- The Washington Times - Wednesday, July 25, 2012

Tensions between China and almost all of its maritime neighbors are at a historic high as a result of sovereignty and maritime rights disputes.

In the latest dustup, China is now facing off against its only main ally and presumptive “strategic partner” in the region: Russia.

Maritime and naval authorities in Russia dispatched a large patrol ship July 16 that chased a group of intruding Chinese fishermen who were inside Russia’s Exclusive Economic Zone near Vladivostok. The Russians captured by force 17 Chinese fishermen, and one is missing and presumed dead after an at-sea shootout, according to Andrey Orlov, spokesman for the Russian Border Guard Service in the Far East.

The Chinese fishermen began their journey in the eastern Chinese province of Shandong, some 1,000 miles away.

According to both Russian and Chinese press reports, the Russian patrol ship, the 3,600-ton Dzerzhinsky, named after Feliks Dzerzhinsky, the notorious Bolshevik and founder of the KGB, spotted a fishing ship flying a Chinese flag in Russia’s EEZ. The ship then sent a series of inquiries and asked the Chinese for answers. Failing to get any response, the Dzerzhinsky chased the ship, an encounter that lasted three hours.

The Chinese ship refused to stop and instead began making erratic zigzag maneuvers that resulted in a collision with the Dzerzhinsky. The impact of the crash sent one Chinese fisherman into the air and into the sea. A search by the Dzerzhinsky failed to find him.

After the crash, the Chinese fishing vessel continued to evade the Dzerzhinsky and the Russians fired at the vessel’s stern with its AK630 deck guns, hitting it numerous times. The gunshots immobilized the Chinese vessel and the Russians boarded it and arrested all 17 remaining Chinese fishermen.

Illegal fishing by Chinese fishermen is a long-standing problem for Russia. The day before the July 16 shootout, another Chinese fishing vessel was captured by the Russians in the same area. Last year, 75 Chinese fishermen were arrested by Russian authorities on the Russian side of the Amur and the Usuri rivers. In 2010, some 17 Chinese fishing vessels were captured and detained for illegal fishing. In 2009, a Chinese vessel carrying smuggled goods was sunk near Vladivostok by Russian border guards, killing seven Chinese sailors.

China’s regional confrontations were triggered by a large-scale and seemingly unchecked Chinese fishing fleet that has run up against all its maritime neighbors including Japan, South Korea, North Korea, Vietnam, and the Philippines.

China’s official response was immediate but measured. The top Russian envoy in Beijing was called in for a procedural protest. The Foreign Ministry in Beijing, which is normally quick to condemn all sorts of international conspiracies against China, issued a cautious statement promising to contact Russian authorities to find out more about the incident.

The normally jingoistic and anti-Western official newspaper Global Times, however, published an editorial July 18 that criticized Moscow’s “enforcement of the law through violence.”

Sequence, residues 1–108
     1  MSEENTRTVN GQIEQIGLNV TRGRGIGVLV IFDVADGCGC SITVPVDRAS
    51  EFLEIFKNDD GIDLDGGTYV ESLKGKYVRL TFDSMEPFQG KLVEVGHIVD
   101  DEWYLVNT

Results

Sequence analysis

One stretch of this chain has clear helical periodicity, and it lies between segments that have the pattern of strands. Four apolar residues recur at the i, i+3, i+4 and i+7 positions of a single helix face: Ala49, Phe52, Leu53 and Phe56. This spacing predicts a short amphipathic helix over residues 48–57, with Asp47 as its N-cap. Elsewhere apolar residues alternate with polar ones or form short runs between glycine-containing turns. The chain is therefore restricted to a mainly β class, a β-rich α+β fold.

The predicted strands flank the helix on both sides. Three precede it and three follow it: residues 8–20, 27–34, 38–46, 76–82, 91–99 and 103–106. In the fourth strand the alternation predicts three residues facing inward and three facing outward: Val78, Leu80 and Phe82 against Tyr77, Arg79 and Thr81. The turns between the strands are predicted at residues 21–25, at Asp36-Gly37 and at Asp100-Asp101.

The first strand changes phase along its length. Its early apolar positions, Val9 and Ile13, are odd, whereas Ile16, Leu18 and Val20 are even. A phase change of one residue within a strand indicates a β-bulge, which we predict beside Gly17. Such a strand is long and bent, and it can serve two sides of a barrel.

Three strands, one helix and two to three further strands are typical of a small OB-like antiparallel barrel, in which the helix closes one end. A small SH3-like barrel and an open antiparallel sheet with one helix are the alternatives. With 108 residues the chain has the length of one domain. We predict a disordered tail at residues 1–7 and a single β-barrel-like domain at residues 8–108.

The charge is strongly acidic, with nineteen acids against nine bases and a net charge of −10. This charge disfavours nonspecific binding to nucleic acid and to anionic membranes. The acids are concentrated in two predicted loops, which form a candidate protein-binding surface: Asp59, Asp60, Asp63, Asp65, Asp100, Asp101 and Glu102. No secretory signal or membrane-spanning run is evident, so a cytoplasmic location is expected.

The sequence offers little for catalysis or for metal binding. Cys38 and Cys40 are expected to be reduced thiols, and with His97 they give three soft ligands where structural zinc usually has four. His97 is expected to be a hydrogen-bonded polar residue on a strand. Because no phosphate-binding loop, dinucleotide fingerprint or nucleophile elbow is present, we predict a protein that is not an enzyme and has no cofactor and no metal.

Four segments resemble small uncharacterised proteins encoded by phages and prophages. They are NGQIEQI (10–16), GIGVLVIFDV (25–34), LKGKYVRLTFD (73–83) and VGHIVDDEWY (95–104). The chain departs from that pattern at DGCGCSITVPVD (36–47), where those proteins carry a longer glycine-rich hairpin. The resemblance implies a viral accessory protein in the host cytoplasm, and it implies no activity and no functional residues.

On the other hand, there were reports in official Chinese news media that said the fishermen from Shandong province may be punished upon their release and repatriation for having caused the high-profile incident at an inopportune time.

The reaction shows that apparently China can ill afford to upset its key strategic partner in Moscow too much.

Former U.S. Ambassador in Taiwan on Chinese democracy

Taiwan and the United States share common values of democracy, freedom and human rights, and the United States should elevate its stance on these values, propagate them in China and try to influence the communist state, said Jon Huntsman, former Republican governor of Utah and President Obama’s immediate past ambassador to China, during a recent high-profile visit to Taiwan. Mr. Huntsman was one of this year’s failed Republican candidates for the presidential nomination.

The former ambassador’s comments contrast sharply with his conciliatory stance on China during his campaign.

Among all nine Republican contenders for the presidential nominations — including presumptive GOP nominee Mitt Romney, Newt Gingrich, Rick Santorum, Michele Bachmann, and Rick Perry — Mr. Huntsman’s China policy initiative was the softest, centering on engagement, not confrontation, with Beijing.

Toward that end, Mr. Huntsman’s main campaign tactic was to constantly showcase his ability to speak Mandarin Chinese as if to convince American voters he would more efficiently communicate with Chinese officials as president.

But that tactic failed largely due to deeply held suspicions among most Americans about the utility of simply talking and engaging in dialogue with the Chinese communist regime.

In fact, the Beijing government never reciprocated Mr. Huntsman’s pro-engagement stance. According to official statements, the Chinese government distrusted Mr. Huntsman and seized on one statement he casually made last November during a debate in Iowa about the power of China’s Internet. The comment caused the Beijing government to castigate him as a person who is ultimately persona non grata in China.

Unable to engage China, despite his ability to speak Chinese, Mr. Huntsman apparently is now warming up his relations with democratic Taiwan.

• Miles Yu’s column appears Thursdays. He can be reached at [email protected]



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